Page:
When Aging and Addiction Collide
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Carol Aronberg’s drunkalogue is common: she grew up outside New York City in a privileged family full of drinkers; both her parents were alcoholics, and her father was a mean drunk whose verbal abuse damaged her self-esteem. Still, she went to college, got married, had kids and started a successful business. And then, eight years ago, her mother died, and Carol’s drinking blossomed, and she expanded her repertoire to include drugs. Finally, after three overdoses on booze and benzodiazepines and a pharmacopeia of other pills (“the 'Cets,” she calls them—Percocet, Fioricet, the combinations of painkiller or sedative with acetaminophen), she checked into rehab. Now she has 18 months clean and sober.
Here's the biggest difference between Aronberg's story and that of most alcoholics: She was 69 years old when she became an addict.
Aronberg is part of what some analysts have described as an approaching tidal wave of addiction in America: older adults and members of the baby-boom generation now in their late 40s to their mid-60s, who develop addiction and get sober late in life.
A report issued by the Substance Abuse and Mental Health Services Administration (SAMHSA) has warned that the aging of the baby-boom generation is leading to huge increases in levels of addiction among adults over 50—a fact that, SAMHSA says, will require double the availability of treatment services by 2020. And many of these people, having come of age in the drug-friendly culture of the 1960s and 1970s, have little hesitation about popping painkillers and other pills to deal with the physical and emotional stresses of aging.
“I call it ‘Pharmageddon,’” says Barbara Krantz, medical director of the Hanley Center, a nonprofit addiction treatment facility located in West Palm Beach, Fla. Hanley’s Center for Older Adult Recovery was the first treatment center to pioneer programs specifically designed to help elderly and baby-boom adults recover from addiction. Krantz says Hanley’s older-adult programs are always at full capacity with patients who come from the entire East, because so many older adults need treatment. “If you look at the SAMHSA data,” she says, “the prediction is that five million older adults will need treatment in 2020.” That’s twice the number requiring treatment in 2000.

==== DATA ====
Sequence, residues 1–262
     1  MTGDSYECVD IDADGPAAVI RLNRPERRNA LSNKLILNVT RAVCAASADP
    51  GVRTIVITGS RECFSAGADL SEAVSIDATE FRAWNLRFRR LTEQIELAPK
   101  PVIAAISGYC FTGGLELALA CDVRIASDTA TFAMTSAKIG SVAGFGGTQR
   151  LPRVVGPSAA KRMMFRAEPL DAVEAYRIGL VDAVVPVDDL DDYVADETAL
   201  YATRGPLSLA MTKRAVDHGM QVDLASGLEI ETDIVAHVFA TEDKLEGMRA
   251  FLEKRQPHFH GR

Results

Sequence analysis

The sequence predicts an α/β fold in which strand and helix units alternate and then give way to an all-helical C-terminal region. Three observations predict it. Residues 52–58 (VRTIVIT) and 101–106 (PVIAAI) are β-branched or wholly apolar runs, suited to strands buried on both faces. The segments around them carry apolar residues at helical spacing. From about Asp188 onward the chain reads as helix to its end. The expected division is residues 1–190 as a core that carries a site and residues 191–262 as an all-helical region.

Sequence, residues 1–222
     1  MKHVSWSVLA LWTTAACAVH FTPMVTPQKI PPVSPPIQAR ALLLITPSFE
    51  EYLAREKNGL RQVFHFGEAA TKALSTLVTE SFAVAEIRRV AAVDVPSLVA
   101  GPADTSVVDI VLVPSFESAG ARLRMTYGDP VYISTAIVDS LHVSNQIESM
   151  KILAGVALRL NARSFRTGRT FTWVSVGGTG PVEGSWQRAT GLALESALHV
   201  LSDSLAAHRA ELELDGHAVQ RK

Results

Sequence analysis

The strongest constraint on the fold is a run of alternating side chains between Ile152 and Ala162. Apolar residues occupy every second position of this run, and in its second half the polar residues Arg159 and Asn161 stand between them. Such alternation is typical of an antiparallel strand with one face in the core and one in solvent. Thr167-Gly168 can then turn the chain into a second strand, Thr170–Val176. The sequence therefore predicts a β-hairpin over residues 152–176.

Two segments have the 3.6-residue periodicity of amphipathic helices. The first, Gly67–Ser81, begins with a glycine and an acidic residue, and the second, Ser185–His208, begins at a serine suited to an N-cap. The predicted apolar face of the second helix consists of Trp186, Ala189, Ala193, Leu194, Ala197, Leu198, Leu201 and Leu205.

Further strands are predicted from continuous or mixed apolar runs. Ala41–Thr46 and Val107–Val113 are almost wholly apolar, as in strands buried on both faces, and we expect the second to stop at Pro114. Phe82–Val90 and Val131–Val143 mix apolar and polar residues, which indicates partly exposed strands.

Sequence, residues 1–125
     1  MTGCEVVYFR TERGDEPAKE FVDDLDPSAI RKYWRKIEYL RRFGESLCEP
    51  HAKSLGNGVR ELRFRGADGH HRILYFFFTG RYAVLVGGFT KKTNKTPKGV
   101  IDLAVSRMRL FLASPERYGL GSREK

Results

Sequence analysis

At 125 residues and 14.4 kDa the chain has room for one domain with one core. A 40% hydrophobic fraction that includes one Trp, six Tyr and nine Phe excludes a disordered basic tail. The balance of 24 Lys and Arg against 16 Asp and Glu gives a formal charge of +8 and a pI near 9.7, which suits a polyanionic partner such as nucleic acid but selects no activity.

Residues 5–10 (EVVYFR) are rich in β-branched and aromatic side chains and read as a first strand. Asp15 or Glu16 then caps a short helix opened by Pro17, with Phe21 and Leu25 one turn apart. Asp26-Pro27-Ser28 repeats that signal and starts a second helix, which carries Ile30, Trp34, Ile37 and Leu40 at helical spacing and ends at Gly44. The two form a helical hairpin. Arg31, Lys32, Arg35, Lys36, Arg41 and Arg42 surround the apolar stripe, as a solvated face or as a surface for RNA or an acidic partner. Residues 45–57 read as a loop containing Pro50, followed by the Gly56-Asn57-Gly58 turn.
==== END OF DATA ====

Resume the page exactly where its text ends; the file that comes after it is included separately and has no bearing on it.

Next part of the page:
Another SAMHSA study found that drug abuse (including prescription drug abuse) among adults 50-59 jumped from 2.7 percent of that population in 2002 to 5.8 in 2010, and that among those 55 to 59, the rate roughly doubled from 1.9 to 4.1 percent.
Aronberg traveled from her New Jersey home to spend 60 days at Hanley. She admits she was fortunate to have the resources to pay for private rehab services (at a cost of nearly $50,000). Not everyone is so lucky. Many older adults who need treatment are unable to get it due to the simple, shocking fact that Medicare does not pay for addiction treatment, says Neil Capretto, medical director of Gateway Rehabilitation in Pittsburgh, Pa. Capretto’s region has the highest concentration of elderly people outside the Florida retirement communities. “I’d take Medicare, but Medicare won’t take us,” Capretto says. “Medicare would recognize us if we were still hospital-based.” But many treatment facilities that offer “medically-monitored” detox are free-standing and independent of hospitals.
When Aronberg completed the 30-day program, she says, “I was no more ready to get out than the man in the moon,” and she re-upped for another month. She had arrived not just with her alcohol addiction but also with 30 bottles of prescription drugs—after her third OD, she says, “When they swept my house, you could have sold them on the street to pay your mortgage off. The doctors never told me to stop taking anything—they kept giving me more. My daughter went to the doctor and said, ‘My mom’s been taking too much,’ and he said, ‘That might be true, but it would be harder to get her off.’”